“We’re gonna lose him while you’re sittin’ there!” Buck shouted hoarsely. “Is that really what you want?”

He tore his gaze from Buck’s face then and dropped it to the hand he had pressed into Vin’s body, staring in horrified fascination at the dark red blood washing his fingers and seeping into the cuff of his shirt. Vin’s blood, God, so much blood–


With a wrenching groan he loosened his hold and let Buck take the tracker from him. At once, though, Vin arched his back and cried out harshly, his ashen face a mask of agony. As Buck shoved his big hands against the wound, tearing another cry from him, Chris reached out and grabbed his hand, holding tightly to it and leaning over him, staring into his tortured eyes and brushing the fingers of his other hand through Tanner’s hair.

“It’s all right, Vin,” he soothed, barely recognizing the thick, hoarse, shaking voice as his own. “I’ve got ya. Just hold onta me. Nathan’ll be here any minute and he’ll take care of ya. But we gotta get the bleedin’ stopped, you hear me? You hear me? I know it hurts like hell, but we gotta do it. So you just hang onta me, stay with me–”

“Hurts,” Vin hissed through tightly clenched teeth, his whole body rigid with pain. “Cain’t–”

“Goddamn it, yes you can!” Chris snarled, closing his hand fiercely around fingers growing too pale and cool. “I know it hurts, I know that, but you gotta stay with me, you hear? We still got too much ta do for you ta run out on me now.” Vin groaned thickly and closed his eyes, shuddering hard, and terror clamped a frozen fist around Larabee’s heart. “Look at me, goddamn it!” he shouted. “Open your fuckin’ eyes and look at me!” Vin forced his eyes open and they pleaded with Chris to let him go, but Larabee refused to yield. “What about Tascosa?” he spat. “You wanta die a wanted man? You wanta meet your ma and pa and your grandpa and explain ta them why you let yourself die without clearin’ your name?”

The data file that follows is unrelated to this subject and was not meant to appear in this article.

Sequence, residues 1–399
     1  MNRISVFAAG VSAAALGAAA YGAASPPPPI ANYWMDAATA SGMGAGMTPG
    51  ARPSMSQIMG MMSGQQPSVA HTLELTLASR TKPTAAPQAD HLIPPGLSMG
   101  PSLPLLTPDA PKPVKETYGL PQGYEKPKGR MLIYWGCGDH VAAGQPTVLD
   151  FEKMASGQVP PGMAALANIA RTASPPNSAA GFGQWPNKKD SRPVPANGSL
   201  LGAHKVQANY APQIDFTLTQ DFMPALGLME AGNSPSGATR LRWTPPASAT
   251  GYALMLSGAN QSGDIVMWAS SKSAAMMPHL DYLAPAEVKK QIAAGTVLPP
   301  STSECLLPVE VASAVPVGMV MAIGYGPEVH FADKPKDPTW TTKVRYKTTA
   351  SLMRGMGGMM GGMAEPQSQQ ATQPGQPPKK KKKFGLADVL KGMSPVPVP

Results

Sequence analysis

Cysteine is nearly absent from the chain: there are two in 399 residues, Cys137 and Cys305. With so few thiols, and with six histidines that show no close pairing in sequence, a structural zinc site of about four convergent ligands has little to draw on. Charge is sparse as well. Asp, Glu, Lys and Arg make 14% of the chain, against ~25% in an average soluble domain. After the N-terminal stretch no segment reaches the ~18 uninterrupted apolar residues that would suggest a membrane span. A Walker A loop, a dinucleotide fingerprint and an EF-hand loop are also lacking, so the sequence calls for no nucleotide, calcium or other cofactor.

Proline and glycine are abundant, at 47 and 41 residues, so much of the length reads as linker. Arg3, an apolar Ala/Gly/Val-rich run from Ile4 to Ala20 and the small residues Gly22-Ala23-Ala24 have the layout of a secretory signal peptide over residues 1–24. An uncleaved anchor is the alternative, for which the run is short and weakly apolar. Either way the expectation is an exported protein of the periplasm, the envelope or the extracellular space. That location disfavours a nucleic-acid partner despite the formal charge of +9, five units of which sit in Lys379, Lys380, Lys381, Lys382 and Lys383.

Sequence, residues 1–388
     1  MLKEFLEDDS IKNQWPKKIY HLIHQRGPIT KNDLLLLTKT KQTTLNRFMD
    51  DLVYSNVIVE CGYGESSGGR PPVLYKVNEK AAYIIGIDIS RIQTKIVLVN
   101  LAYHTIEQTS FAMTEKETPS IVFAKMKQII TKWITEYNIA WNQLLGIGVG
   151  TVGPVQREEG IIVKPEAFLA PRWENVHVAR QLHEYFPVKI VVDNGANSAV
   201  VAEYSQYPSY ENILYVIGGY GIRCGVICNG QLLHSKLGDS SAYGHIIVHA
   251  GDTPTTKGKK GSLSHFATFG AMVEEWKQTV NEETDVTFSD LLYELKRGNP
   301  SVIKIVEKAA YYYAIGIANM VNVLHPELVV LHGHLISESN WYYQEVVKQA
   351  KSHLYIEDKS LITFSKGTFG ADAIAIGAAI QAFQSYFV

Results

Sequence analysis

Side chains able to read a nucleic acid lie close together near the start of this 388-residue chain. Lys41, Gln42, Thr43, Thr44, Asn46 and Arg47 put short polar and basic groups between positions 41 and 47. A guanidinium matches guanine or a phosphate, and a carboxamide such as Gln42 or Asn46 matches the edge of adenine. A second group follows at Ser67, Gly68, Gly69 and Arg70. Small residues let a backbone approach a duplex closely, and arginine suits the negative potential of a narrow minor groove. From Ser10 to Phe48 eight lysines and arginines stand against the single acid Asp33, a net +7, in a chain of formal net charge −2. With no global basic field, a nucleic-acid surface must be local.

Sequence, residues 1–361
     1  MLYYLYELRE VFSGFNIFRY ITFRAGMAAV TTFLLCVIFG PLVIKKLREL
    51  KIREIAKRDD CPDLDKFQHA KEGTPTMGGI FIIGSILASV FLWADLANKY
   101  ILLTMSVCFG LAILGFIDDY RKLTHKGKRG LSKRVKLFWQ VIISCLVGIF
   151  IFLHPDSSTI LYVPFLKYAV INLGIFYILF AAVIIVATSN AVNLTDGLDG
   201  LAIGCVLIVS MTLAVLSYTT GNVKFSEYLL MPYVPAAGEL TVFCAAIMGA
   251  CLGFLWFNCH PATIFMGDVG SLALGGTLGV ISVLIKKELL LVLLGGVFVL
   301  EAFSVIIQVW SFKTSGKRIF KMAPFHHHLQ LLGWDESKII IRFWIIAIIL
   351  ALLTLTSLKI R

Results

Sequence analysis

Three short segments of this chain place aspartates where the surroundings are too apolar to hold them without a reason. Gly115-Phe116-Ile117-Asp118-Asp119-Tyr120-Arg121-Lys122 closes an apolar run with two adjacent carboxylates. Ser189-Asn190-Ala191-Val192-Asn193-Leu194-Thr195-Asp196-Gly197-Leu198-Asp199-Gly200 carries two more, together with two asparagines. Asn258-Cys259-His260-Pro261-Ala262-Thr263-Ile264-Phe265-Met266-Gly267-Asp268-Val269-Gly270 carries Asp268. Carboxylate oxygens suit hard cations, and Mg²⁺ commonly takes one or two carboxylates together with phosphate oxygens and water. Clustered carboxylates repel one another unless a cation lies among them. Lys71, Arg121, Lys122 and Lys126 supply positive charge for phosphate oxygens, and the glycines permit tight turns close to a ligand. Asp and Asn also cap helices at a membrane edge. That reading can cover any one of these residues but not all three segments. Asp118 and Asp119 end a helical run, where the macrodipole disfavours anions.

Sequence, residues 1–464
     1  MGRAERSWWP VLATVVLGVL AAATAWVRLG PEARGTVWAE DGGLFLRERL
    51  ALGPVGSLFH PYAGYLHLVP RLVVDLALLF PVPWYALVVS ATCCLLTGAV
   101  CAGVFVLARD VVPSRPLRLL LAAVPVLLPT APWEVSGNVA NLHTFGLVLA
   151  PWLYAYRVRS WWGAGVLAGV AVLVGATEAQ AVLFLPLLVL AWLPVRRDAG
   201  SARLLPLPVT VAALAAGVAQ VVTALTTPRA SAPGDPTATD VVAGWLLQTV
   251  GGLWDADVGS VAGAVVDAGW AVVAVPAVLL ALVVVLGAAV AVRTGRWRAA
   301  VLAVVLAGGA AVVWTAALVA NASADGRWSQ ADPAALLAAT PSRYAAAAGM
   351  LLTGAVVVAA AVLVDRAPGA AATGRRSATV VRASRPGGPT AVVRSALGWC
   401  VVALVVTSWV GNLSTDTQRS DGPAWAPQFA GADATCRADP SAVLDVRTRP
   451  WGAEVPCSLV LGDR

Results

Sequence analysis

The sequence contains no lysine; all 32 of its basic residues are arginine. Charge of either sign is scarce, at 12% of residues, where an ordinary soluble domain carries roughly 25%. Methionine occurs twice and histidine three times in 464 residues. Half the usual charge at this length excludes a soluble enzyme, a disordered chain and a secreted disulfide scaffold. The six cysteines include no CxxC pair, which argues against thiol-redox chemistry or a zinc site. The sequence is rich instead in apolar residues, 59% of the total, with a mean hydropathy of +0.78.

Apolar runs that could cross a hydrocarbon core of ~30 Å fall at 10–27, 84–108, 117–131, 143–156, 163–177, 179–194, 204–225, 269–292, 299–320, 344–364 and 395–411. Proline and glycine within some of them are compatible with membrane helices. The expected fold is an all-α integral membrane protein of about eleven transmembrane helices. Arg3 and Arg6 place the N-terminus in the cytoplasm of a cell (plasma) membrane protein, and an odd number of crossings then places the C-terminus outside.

“Jesus, Chris!” Buck protested sharply. “You can’t–”

“Shut up, Buck!” he snapped, never looking away from Tanner’s eyes. “We’re goin’ ta Tascosa, remember? Goin’ together ta lift that stain from your name. You can’t die before that happens, you hear me, Vin? I swear ta God we’ll do it, you an’ me. Hell, all of us! We’ll ride ta Texas, make ’em see reason, make ’em admit you ain’t a murderer. I swear we’ll do it, Vin, I swear it on Sarah and Adam’s graves. We’ll do whatever we have to, we’ll do anything it takes, I promise, Vin, I promise you! Anything, anything it takes, anything at all … Just please, God, please don’t die!

Vin opened his mouth to answer, but arched against Buck’s hands and screamed in agony. The sound tore through Chris like a heated knife, searing him to his soul and plunging deep into his gut. Once more he tried to take Vin into his arms, but strong hands gripped his shoulders and tried to pull him back. He swore harshly and launched a desperate fight against them.

“Easy, Chris, easy!” Josiah’s deep voice filled his ears as iron-hard arms wrapped around him. “It’s just me. But you gotta let Nathan have him now.”